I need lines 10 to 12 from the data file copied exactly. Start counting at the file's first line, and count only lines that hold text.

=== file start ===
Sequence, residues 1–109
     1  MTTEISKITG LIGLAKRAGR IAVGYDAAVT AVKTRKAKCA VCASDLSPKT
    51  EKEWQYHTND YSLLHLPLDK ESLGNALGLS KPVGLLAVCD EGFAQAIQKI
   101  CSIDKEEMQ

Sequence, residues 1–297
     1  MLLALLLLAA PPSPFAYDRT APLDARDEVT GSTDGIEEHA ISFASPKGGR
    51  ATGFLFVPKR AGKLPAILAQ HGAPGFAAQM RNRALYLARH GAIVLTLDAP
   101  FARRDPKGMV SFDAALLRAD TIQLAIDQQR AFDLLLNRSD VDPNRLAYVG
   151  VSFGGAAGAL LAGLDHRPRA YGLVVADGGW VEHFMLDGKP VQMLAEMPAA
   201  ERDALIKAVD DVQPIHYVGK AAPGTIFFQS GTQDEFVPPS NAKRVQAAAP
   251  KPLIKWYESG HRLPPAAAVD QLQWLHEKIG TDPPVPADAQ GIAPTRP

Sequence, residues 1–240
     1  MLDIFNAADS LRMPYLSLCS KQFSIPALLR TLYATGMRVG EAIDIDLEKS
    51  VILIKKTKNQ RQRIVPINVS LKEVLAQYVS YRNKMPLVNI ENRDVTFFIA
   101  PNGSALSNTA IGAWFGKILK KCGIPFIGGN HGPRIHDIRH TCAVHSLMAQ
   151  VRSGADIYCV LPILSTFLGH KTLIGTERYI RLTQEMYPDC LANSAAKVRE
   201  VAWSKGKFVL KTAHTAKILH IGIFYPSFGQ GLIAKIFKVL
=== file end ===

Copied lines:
   201  ERDALIKAVD DVQPIHYVGK AAPGTIFFQS GTQDEFVPPS NAKRVQAAAP
   251  KPLIKWYESG HRLPPAAAVD QLQWLHEKIG TDPPVPADAQ GIAPTRP

Sequence, residues 1–240